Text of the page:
Should U.S. Soccer Reinvest in the Same Kind of Arena for the Future?
“Patience is a virtue.”
True, but staying with it two-and-a-half years past its boiling point was beyond any logical comprehension.
The Big News: Jürgen Klinsmann was fired as the head coach of the USMNT (United States Men’s National Team).
Many will speculate that this decision was driven by the recent and shocking opening group losses for the World Cup in 2018 to “That Team Down South” (Jimmy’s Daily Planet trademark pending) 2-1 in the “Dos-a-Cero” sanctuary known as Crew Stadium in the soccer capital of U.S. Soccer on November 11th, followed by an equally embarrassing and inexcusable 4-nil drubbing in Costa Rica days later.
Sure, but soccer fans paying close attention knew Mr. Klinsmann’s American soccer experiment had reached the insanity level years ago.
Bigger News: Regardless of performances on the pitch (fair, mostly bad and worse), nothing changed. The same roster was compiled with minor, predictably ineffective alterations. The same core group of players were given multiple (yes, multiple) World Cups to define and showcase their talents in leading the USMNT. And yet, each World Cup (again, that’s plural) in 2010 and 2014 revealed nearly identical staleness regarding vision, creativity and results.
Precise and purposeful ball movement that is adaptable, whilst breaking down the complexities of the opponent’s defensive apparatus? Nope.
Kick the ball up top and then hope for the best. Yup.
Not only that, but the 2014 World Cup roster for the USMNT with newcomers Kyle Beckerman, Alejandro Bedoya, Matt Besler, Geoff Cameron, Timmy Chandler, Brad Davis, Omar Gonzalez, Brad Guzan, Jermaine Jones, Graham Zusi and Chris Wondolowski achieved…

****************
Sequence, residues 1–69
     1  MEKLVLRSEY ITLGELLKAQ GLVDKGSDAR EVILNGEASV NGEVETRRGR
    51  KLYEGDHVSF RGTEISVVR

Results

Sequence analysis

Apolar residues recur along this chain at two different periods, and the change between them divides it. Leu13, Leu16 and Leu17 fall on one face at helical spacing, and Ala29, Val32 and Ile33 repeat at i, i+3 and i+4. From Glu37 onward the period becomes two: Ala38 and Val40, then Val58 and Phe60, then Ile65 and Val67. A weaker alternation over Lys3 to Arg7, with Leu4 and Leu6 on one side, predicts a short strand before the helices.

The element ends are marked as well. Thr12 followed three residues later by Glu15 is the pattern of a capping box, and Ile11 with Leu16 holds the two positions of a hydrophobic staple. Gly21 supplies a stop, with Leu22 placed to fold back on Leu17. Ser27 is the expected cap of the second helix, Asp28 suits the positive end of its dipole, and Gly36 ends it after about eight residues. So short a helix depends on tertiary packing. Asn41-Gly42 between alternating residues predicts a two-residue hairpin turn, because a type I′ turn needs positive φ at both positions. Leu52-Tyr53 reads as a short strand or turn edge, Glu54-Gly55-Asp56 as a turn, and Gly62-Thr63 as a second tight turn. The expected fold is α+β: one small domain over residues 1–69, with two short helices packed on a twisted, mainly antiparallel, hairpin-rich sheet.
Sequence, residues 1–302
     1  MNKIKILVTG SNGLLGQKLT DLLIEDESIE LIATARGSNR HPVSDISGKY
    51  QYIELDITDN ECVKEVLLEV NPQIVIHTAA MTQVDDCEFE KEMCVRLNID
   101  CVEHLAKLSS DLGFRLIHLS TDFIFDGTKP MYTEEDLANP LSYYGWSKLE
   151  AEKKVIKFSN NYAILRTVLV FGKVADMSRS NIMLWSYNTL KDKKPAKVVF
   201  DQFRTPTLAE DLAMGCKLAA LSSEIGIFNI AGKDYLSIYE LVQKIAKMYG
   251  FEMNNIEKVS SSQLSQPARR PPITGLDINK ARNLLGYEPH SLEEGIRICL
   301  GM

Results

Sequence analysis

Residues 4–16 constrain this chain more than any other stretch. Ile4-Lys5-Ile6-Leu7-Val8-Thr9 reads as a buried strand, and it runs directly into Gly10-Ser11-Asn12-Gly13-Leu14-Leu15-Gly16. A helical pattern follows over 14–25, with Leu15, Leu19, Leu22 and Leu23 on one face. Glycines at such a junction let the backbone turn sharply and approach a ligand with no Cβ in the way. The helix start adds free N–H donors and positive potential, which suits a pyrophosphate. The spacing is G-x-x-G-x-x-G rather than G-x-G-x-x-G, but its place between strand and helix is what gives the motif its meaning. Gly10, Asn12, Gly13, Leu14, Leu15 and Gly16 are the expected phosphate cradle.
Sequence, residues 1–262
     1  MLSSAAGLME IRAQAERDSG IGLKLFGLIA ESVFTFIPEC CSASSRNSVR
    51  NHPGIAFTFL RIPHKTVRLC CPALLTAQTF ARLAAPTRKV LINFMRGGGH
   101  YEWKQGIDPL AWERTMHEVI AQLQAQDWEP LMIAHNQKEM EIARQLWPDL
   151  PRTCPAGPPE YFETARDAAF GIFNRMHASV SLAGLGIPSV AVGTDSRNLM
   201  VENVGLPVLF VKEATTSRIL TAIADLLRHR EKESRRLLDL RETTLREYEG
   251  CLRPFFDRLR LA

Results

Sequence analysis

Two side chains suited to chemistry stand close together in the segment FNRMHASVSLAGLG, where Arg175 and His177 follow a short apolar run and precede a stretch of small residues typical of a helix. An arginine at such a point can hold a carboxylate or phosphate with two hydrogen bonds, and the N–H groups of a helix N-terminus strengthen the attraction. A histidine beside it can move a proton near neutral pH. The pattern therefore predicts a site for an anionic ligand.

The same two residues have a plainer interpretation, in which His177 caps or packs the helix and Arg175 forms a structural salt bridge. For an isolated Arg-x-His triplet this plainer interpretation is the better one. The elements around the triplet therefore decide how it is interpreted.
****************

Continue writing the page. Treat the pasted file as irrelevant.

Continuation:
Do you know? Nothing comes to mind. What sophisticated, fluid style did they enact on the pitch? Again, my mind is blank.
That’s quite a feat, considering that the only place for the USMNT to go is, well, up. And this is why Mr. Klinsmann’s American soccer experiment is described as insane above, which is that the same ineffectual roster with the same non-existent strategy (micro and macro) was used for the past several years and the end result was a wasted 2014 World Cup by not bringing in the youngsters to lead a daringly exciting and innovative team of the future. The names that come to mind are Julian Green (Bayern Munich, 21), Mix Diskerud (NYCFC, 26), Christian Pulisic (Borussia Dortmund, 18), Aron Jóhannsson (SV Werder Bremen, 26), Wil Trapp (Columbus Crew, 23) and Gedion Zelalem (Arsenal, 19), to name just a few.
To be fair to Mr. Klinsmann, he played Julian Green against Belgium in the 2014 World Cup and Mr. Green rewarded Americans with a goal against those Belgians.
Let’s not forget that some of the best players in the world have to work their entire careers with the best clubs to earn the honor to represent their country is just one World Cup. U.S. Soccer claims to mimic the rest of the world in order to catch up to their level in Europe and South America. Fair enough. However, U.S. Soccer has neglected to include the same standards as the best national teams in Europe and South America.
Why did Mr. Klinsmann select the right dual-citizenship players and then refuse to develop them through natural growing pains?